- 1990s: Accuser No. 6, Allred ‘s client Kelly Johnson (now 55), alleges that Mr. Cosby coerced her into kissing him under the pretense of acting lessons, and then in a subsequent visit, he gave her a pill, and she remembers some lotion and touching but has no memory of having sexual intercourse with Mr. Cosby.
- 1975: Accuser No. 7, Allred ‘s client Margie Shapiro (now 60), alleges she met Mr. Cosby at the Santa Monica, California donut shop where she worked the early morning shift and then accompanied him to the Playboy Mansion, where she voluntarily took a drug after losing a game of pin ball. She now claims that at some point in the evening she “woke up” to having sex with him.
- 1986: Accuser No. 8, Allred’s client Stacey Pinkerton (now 52), alleges that she met Mr. Cosby and his personal assistant when they were passengers on a flight while she was working as a flight attendant. After in-flight flirting, she accepted an invitation to meet Mr. Cosby in Chicago. She does not admit to drinking anything offered by him or taking any drug offered by him, but claims that at some point in the evening she blacked out as he violently sexually assaulted her. While she later recounted to a friend that Mr. Cosby had made an aggressive pass at her, it has not been until this year that she claims the attempted pass was violent rape.
- 1989 or 1990: Accuser No. 9, Allred’s client Lise-Lotte Lublin (now 50), alleges that she had a drink with Mr. Cosby in his Las Vegas hotel suite and then dizzily fell asleep to him petting her hair. She woke up at home the next day and remembers nothing. Now, 26 years later, after hearing the stories of other accusers, she has come to believe that she thinks she must have been drugged and assaulted.
- 1971: Accuser No. 10, Allred ‘s Client Donna Motsinger (now 75), alleges that she met Mr. Cosby in Sausalito, California, went with him to one of his comedy shows, started to feel sick after drinking wine in the limousine, took what she thought was an aspirin provided to her by someone other than Mr. Cosby, and then claims to have awoken in her own home in her underwear. She has no recollection of any sexual contact with Mr. Cosby, perhaps because “it was quite a while ago,” as she concedes.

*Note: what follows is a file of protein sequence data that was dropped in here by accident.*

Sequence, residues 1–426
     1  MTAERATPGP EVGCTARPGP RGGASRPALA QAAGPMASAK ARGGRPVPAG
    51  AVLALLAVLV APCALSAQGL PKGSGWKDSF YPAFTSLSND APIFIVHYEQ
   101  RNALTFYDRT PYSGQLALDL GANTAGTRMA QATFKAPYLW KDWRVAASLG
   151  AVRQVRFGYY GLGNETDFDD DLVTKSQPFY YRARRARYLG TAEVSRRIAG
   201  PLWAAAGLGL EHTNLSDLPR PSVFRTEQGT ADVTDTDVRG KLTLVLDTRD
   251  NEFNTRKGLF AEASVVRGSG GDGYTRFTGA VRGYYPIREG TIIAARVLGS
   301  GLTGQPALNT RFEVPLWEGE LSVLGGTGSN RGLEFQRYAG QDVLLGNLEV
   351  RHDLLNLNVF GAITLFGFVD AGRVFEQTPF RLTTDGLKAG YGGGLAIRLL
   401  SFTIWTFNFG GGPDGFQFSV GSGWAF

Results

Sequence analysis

- 1986: Accuser No. 11, Allred’s client Rebecca Cooper Neal (now 61), alleges that after interacting with Mr. Cosby for several weeks at the Las Vegas health club where she worked, he invited her to watch him perform and then have dinner, where she was served a single shot of vodka by a waiter. After beginning to feel dizzy, she alleges she went back to his dressing room, where he had sex with her.
- August or September, 1969: Accuser No. 12, Allred’s client Linda Johnson (a/k/a Linda Brown) (now 68), alleges that her former employer offered her a ticket to Mr. Cosby’s comedy show when another fellow model could not make it, went to dinner with him after the show and ended up back in his Toronto hotel, where she blacked out after taking one (or two, by another account sip(s) of soda and awoke to being sexually assaulted. In a second later statement, she alleges for the first time that he also “digitally penetrated” her.
- “I think it was 1969 but I can’t be certain”: Accuser No. 13, Cindra Ladd (now 68), alleges that after establishing a friendship with Mr. Cosby, wherein he would pay for her marijuana and cocaine, she took a clear pill from him for a headache, went to a movie and walked through the streets of New York in a dreamlike state with him, until she awoke in his friend’s apartment uncertain whether they had sex.
- January 2004: Andrea Constand (now 43) alleges that after several prior occasions of intimacy spent with Mr. Cosby, including an overnight stay at Foxwoods Resort & Casino, Mr. Cosby offered her medication to relax her nerves, which she took voluntarily. She claims the medication incapacitated her while he allegedly “digitally penetrated” her. A year after the alleged encounter, after numerous telephone conversations, a dinner, and attendance at one of his shows with her family, she initiated a criminal investigation, generating major publicity.
Judge O’Neill promises to rule before the next pretrial hearings scheduled for next month on whether Cosby’s depositions from his settled civil suit may be used in his criminal case. In a statement, Montgomery County District Attorney Kevin R. Steele said, “The Judge’s rulings today get us one step closer to presenting our evidence at trial and furthers our pursuit of justice for the victim in our case.” Cosby’s trial is scheduled to begin in June.